By Alice Gerard
One incumbent was reelected, while another was unseated in a close Board of Education race held on Tuesday at Grand Island High School. The winners were incumbent Jay Grover, who received 842 votes; and Sherry Steffans, who received 831 votes. The two candidates not elected were incumbent Nicole Novak, with 818 votes; and challenger Jim Mulcahy, with 807 votes. Additionally, proposition 1 (the school district’s budget) passed by a vote of 943 to 777; and proposition 2, to authorize purchase of school buses, passed by a vote of 986 to 718.
The total number of voters in the election was 1,742.
Issues that candidates mentioned as being important to the voters were the 5.59% increase in the school district’s tax levy, and mental health issues as a result of the shutdowns and restrictions of the COVID-19 pandemic.
Steffans said she emphasized mental health throughout her campaign: “I had no idea of the amount of mental health (help) that was needed. When the pandemic hit, it amplified those needs. I want to help in that area.”
She mentioned one program that would meet in the evening that could be instituted in the high school that would give students “tools that they could use.” These tools would help them to become aware of the problems that they were experiencing, so that they could ask for and receive additional help. The people in the program, who have also experienced issues with anxiety and depression, would then be able to connect the students with outside resources, such as peer support and counseling.
“Another group that I connected with will actually come in and do programs with the kids, such as therapeutic art, and this will be during the school day. The kids can come there during lunch, during their study halls. It gives them another avenue to de-stress about the day,” Steffans explained.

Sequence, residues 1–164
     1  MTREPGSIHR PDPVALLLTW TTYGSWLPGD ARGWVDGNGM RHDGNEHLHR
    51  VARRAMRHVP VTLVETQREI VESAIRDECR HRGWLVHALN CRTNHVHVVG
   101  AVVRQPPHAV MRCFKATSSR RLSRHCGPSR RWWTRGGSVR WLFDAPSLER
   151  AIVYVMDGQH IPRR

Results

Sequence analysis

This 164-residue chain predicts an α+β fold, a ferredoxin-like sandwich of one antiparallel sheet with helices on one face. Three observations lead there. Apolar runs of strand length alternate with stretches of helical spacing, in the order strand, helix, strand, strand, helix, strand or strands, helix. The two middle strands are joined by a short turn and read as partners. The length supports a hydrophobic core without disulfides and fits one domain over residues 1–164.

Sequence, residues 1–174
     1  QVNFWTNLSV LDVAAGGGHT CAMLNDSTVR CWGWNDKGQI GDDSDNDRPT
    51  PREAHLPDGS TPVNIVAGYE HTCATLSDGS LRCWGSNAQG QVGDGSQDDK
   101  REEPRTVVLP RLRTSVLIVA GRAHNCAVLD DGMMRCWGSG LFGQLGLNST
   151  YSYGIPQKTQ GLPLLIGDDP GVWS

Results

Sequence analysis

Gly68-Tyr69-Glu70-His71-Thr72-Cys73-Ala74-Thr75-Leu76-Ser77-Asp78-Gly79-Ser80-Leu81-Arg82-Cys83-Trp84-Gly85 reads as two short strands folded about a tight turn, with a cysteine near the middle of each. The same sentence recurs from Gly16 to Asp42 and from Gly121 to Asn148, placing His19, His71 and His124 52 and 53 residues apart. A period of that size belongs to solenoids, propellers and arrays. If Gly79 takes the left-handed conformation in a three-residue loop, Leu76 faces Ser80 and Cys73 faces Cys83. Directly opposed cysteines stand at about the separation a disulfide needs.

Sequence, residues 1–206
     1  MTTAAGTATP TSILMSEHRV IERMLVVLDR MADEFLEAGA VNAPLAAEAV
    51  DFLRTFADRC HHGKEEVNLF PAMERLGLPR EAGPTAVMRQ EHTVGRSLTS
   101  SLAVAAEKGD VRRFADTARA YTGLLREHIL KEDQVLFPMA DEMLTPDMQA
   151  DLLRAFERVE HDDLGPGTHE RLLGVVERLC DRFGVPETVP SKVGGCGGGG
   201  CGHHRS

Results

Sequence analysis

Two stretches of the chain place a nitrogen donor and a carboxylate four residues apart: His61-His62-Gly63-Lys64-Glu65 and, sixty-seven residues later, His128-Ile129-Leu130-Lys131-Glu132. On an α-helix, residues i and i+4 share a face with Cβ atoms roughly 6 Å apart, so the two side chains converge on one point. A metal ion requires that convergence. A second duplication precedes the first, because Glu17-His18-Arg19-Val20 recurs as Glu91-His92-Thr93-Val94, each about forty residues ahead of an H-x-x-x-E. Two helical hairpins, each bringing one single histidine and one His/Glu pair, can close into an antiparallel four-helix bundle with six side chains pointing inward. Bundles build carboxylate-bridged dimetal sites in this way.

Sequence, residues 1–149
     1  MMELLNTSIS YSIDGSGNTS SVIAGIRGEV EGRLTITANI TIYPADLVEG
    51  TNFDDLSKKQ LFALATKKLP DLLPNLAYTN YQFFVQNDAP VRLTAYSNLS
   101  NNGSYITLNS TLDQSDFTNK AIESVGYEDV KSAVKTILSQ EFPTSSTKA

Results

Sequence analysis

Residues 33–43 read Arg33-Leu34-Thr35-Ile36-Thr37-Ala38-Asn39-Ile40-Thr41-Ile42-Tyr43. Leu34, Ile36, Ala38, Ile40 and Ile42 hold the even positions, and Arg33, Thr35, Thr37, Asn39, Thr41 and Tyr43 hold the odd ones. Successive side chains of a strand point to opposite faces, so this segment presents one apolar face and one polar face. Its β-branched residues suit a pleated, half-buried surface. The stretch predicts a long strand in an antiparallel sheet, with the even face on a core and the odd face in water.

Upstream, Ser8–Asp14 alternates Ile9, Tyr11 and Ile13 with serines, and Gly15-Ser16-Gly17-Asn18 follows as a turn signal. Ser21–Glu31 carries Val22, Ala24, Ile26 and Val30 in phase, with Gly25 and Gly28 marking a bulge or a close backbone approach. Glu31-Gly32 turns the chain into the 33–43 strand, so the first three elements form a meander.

“I’m excited to work with my community,” she added. “It’s been a lot of fun. I’m glad I did it.”
According to Grover, “A lot of thought and time was put into that budget. That process is long, and we’re proud of the budget that we presented, and we’re hoping for a favorable outcome. We feel like we made a lot of smart financial decisions. There were many requests that we really reviewed. We needed to keep our schools strong and support our kids and the needs of our community. We feel good about what we put out there.”
Mulcahy, who previously ran for a seat as a trustee on the Grand Island Board of Education in 1979 and in 2021, focused his attention mainly on the increase in the tax levy.
“I wish that I had known about the other school districts’ rate increases earlier,” he said. “I found out on Saturday that the average hike was under 2%. Ours is 5.59%. We are the huge outlier, and, for the people coming in, it’s been a sore point, especially for the older folks. If I had that information earlier, I would have pushed that point more strongly. If you’re on a fixed budget, 5.59% is a lot of money.”
Novak talked about the challenges faced during the pandemic in the school system: “I’ve had challenges with my own children, with the restrictions that were put on us that we don’t have any control over. I think we’ve taken a lot of good steps forward. We’re putting a lot more into the mental health of our children knowing, coming out of this pandemic hopefully, completely out of it and moving forward, that the kids need some additional support in other areas that, normally, we might not need to have supported.”
Grover talked about the work that he and Novak did during the past few years.
“I think that we’re doing a great job of supporting our kids,” he said. “We’ve expanded our mental health services. We’ve got great programs. We’ve got academies, like the Academy of Finance going. We’ve got partnerships with local colleges, where kids can take college credit-bearing classes. I’m just really looking forward to continuing to support the schools and work together as a community to put the best schools we can together.”